WORSE than seeing infants walking to school wearing face masks, one of the most upsetting things I saw during the time of mask mandates was parents forcing babies, who were clearly distressed, to wear face masks and struggling with them to keep the mask in place. Now we know that this could have proved fatal.
Thankfully, with the occasional exception, we have seen the light in the United Kingdom over face masks. But I visit the Far East regularly and, while masks have always been a common sight there, on a recent visit to Hong Kong I saw many schoolchildren continued to wear masks and very young children and babies were made to wear masks by their parents on public transport.
It is hardly surprising but no less distressing to read the news from Taiwan where, like other parts of the Far East they took to masks mandates with enthusiasm, that an 11-month old boy has died after being forced to wear a face mask at nursery. The incident took place on January 24, despite the fact that mask mandates related to childcare in Taiwan were lifted over a year ago.
The details are harrowing but nevertheless instructive, showing just how effective brainwashing regarding face masks has been:
‘According to surveillance video footage viewed by the parents, the incident happened when the boy became irritated and took off his mask, after which the teacher put it back on for him. At that point, the child burst out crying, which possibly saturated the mask with tears and mucus, causing it to stick to his nose and mouth and suffocate him. In the video footage, the child was then seen “struggling” and “falling over”. The teacher, however, apparently assumed he had become exhausted and fallen asleep, and only discovered that he was unresponsive 20 minutes later, when it was time to move the children to another room.’
It has since been confirmed that the child did not have any cardiac defects which could have exacerbated his condition. He died as a direct result of having been forced to wear a face mask. Any child’s death under these circumstances would be heartbreaking but, in addition to this almost unimaginable incident, there is the back story of the parents’ struggle for many years to have a baby.
In addition to the tragedy, two things are striking from this story: the absence of any mention of the death in the international legacy media (I could find no reference to it other than in Taiwanese newspapers); and the outrage which seems to be aimed only at the fact that this incident exceeded the expired mask mandate.
The veil of silence by the press outside Taiwan is hardly surprising given the role that they played in promoting the wearing of face masks. In the United Kingdom the Guardian said that the government should promote the wearing of face masks ‘more forcefully’. The New York Times recently tried to discredit Jefferson and colleagues’ Cochrane review showing no evidence for the effectiveness of face masks claiming, ‘Why the Science Is Clear That Masks Work’.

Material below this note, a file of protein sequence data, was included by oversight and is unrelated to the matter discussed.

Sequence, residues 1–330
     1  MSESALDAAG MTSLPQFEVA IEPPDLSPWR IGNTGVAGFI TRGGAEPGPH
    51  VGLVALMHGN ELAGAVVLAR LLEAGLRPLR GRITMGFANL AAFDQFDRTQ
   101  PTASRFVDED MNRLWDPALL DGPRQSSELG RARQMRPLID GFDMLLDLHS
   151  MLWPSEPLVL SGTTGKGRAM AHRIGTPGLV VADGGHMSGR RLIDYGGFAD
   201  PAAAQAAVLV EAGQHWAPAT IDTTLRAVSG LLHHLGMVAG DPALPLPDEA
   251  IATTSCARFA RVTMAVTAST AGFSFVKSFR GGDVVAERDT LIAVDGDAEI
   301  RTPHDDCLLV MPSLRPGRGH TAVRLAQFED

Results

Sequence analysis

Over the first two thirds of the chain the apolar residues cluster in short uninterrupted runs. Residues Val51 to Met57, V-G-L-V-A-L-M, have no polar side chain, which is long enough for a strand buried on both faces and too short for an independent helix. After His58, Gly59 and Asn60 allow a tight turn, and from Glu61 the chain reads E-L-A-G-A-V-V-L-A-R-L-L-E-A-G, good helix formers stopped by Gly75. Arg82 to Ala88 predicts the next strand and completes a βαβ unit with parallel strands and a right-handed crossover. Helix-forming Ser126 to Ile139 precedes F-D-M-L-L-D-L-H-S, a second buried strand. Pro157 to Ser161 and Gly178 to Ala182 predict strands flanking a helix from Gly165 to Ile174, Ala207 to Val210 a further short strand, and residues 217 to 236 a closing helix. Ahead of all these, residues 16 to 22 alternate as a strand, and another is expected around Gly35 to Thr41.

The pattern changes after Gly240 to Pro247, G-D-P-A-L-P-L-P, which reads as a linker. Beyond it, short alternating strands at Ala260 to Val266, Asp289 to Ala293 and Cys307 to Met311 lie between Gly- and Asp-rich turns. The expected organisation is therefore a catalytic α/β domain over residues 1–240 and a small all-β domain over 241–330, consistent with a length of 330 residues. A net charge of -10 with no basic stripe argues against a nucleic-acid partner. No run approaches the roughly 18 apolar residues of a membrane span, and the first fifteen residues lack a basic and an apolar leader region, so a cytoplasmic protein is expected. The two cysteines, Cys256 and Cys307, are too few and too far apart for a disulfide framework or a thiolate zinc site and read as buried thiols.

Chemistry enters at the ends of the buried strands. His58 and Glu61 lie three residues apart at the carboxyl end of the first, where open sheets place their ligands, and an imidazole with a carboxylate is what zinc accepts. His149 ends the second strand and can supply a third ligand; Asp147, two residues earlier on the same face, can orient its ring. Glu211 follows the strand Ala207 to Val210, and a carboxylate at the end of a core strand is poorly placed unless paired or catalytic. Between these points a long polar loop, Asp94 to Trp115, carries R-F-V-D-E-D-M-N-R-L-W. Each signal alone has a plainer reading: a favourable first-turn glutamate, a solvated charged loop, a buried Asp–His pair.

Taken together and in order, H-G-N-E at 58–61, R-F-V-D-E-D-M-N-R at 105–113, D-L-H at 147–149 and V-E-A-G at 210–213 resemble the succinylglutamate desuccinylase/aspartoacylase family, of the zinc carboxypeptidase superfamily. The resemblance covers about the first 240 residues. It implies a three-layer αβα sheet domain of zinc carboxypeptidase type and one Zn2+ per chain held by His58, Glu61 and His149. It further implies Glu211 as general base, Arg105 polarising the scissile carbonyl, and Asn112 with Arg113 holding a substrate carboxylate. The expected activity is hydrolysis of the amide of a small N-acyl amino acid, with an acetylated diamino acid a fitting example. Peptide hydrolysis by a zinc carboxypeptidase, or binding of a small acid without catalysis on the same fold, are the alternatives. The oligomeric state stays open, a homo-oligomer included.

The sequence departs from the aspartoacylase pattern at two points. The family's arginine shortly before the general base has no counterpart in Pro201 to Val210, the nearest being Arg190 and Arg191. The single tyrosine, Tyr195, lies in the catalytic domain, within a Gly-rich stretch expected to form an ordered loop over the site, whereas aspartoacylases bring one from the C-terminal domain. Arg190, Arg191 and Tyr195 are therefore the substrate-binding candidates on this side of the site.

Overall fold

There is a story here: face masks have never been recommended in the United States for children under two. Moreover, according to NPR which is a very pro-mask publication, ‘The World Health Organization does not recommend masks for children under age five, while the European equivalent of the CDC doesn’t recommend them for children under age 12.’
However, the mask maniacs in the newspapers of record probably consider that no bad news about face masks is permitted, even if the masks were being used inappropriately. After all, like the Covid-19 vaccines, the use of face masks was declared safe, even in ‘intense exercise’, according to the Guardian.
Face masks are far from safe. We know they are harmful: they excoriate the skin of users and increase carbon dioxide levels in the blood of wearers. Socially, they impair communication in children and there are strong suspicions that they may hinder brain development. Most publications mitigate their reports with comments about the harms being outweighed by the risks. But face masks have always been a con and the cost in the United Kingdom alone during the covid years was £252million. Many of them were considered faulty and remain unused.
It is hard to fathom the enthusiasm with which people in the Far East took to mask mandates and continue to wear them voluntarily. Both Hong Kong and Taiwan were draconian in this respect and insisted on face masks being worn outside, as well as in public spaces. Hong Kong lifted its mask mandate only in February 2023 and Taiwan in April 2023. In Hong Kong masks were available for babies and Taiwan clearly had a face mask policy in place in infant care centres such as the one where the tragedy reported above occurred.
The evidence of the dangers in wearing face masks and the abject stupidity of policymakers who would insist, at any time, in inflicting them on children is clear. In relation to the death of the baby in Taiwan, an expert on the subject, Dr Peter Gøtzsche, said:
‘Forcing people to wear masks has been a failure of public health’ and ‘the reason we are still having the mask debate is because authorities relied on trash studies to justify their use, and wanted to appear as if they were doing something. In a crisis, it is always more difficult to do nothing.’